What Fitness Metrics Are Actually Worth Tracking?

It’s all about VO2 max, baby.

A colourful illustration of a woman with her head instead a giant Apple Watch

(Illustration: Sam Island)

Fitness trackers have skyrocketed in popularity in recent years: In 2020, the Pew Research Center found that one in five Americans owned one, with the global industry valued at more than US$36 billion. Popular trackers include Fitbit, Garmin and Apple Watch, the latter of which produces a satisfying set of closed rings as you hit daily movement, exercise and standing targets. But while these wearables track many metrics, not all of them are meaningful. Martin MacInnis, a kinesiology professor at the University of Calgary who heads a research group that studies the body’s response to exercise, weighs in on which measurements are actually worth tracking.

Related: The Apple Watch Data Worth Sharing With Your Doctor

Heart rate

This is a good indicator of the intensity of your workout. Moderate exercise should raise your heart rate to 64 to 76 percent of its maximum, which varies by age. However, the more you do a specific type of exercise, the more your heart rate should decrease. If you start, say, running five kilometres at a consistent speed a few times a week, your heart rate should be lower two months into that routine than it was when you started, indicating better fitness.


Tracking steps is useful for monitoring your movement but not necessarily the amount of exercise you’re getting. That’s because step count doesn’t reflect intensity—5,000 running steps that increase your heart rate are better exercise than 5,000 slow steps from a lengthy stroll.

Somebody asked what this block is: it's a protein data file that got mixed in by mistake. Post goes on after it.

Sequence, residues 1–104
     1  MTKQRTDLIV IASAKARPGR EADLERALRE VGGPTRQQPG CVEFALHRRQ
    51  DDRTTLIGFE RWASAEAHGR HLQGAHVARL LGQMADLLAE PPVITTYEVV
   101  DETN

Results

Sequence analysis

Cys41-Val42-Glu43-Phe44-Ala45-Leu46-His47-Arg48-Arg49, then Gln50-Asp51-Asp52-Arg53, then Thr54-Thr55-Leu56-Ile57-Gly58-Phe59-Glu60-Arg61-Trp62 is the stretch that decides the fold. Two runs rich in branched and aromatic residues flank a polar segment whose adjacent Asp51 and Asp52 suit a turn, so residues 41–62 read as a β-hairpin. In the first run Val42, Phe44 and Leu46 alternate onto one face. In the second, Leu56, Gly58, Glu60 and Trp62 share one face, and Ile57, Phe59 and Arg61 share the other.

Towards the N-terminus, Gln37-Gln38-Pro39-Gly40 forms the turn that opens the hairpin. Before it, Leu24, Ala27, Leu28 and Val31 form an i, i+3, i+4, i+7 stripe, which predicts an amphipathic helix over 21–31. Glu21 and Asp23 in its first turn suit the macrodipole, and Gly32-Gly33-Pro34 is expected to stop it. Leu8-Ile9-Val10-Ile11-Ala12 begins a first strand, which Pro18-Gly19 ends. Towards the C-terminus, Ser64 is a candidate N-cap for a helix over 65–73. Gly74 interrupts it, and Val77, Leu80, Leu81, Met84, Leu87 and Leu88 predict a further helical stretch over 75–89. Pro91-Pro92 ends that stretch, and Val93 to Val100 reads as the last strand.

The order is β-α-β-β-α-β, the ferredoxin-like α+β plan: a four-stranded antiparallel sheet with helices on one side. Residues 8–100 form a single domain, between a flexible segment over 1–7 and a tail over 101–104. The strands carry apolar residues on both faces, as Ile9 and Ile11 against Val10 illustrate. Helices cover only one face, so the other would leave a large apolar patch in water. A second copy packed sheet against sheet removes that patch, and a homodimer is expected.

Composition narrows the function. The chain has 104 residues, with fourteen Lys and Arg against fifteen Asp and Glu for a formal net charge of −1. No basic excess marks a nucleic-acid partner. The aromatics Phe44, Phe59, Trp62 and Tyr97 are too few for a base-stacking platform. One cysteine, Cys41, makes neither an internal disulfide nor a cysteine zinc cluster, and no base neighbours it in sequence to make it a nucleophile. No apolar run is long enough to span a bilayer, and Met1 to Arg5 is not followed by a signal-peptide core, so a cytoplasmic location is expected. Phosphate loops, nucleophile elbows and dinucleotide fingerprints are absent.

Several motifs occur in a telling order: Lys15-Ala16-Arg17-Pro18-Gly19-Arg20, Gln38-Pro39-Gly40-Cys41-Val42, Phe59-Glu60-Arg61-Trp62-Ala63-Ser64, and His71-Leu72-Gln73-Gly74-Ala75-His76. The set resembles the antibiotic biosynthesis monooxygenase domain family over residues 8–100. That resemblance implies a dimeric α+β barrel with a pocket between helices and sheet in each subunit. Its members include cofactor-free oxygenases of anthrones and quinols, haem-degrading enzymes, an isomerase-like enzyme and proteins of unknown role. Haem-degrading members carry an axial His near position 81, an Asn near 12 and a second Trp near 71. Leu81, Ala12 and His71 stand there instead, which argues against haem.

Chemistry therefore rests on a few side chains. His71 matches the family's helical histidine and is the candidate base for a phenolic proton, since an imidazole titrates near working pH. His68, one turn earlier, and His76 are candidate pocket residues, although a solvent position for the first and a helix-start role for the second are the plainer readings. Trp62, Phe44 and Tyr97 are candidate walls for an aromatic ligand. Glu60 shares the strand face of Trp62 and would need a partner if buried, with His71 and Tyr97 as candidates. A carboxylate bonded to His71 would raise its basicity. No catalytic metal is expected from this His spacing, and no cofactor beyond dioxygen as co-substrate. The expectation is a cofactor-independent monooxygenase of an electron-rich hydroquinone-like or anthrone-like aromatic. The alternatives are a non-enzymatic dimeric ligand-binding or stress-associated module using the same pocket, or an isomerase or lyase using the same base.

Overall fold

Apple Watch and various models of Garmin and Fitbit all track sleeping heart rate and other metrics to estimate overall sleep quality. But MacInnis says adjusting sleeping patterns based on whether you feel rested in the morning is more important, regardless of what your tracker says.

Vo2 max

This metric, which describes the amount of oxygen (in milliltres) your body (in kilograms) can take in (per minute) and send to muscles to turn into energy while exercising, is a good marker of health and fitness. The more active and fit you are, the higher your VO2 max. In the lab, MacInnis compares VO2 values before and after various training programs to test their efficiency. You can do something similar with your wearable by noting your VO2 values at baseline and again after a few weeks of consistent exercise. A good goal is to increase your VO2 max by three to four millilitres per kilogram per minute in four to eight weeks, but any increase is positive.


Garmin and Apple Watch specify the number of calories burned through exercise versus those burned passively, while Fitbit only shows total daily burn (though the app provides more details). But there isn’t a number of calories doctors recommend burning each day—and getting in 150 minutes of moderate exercise a week is a better indicator of overall health. Garmin’s Intensity Minute feature tracks moderate and vigorous exercise, while Fitbit’s Activity Zone Minutes estimates your exercise intensity. Both trackers set weekly goals for exercise, whereas Apple Watch has a daily goal of 30 minutes of activity that’s at or above a brisk walk.

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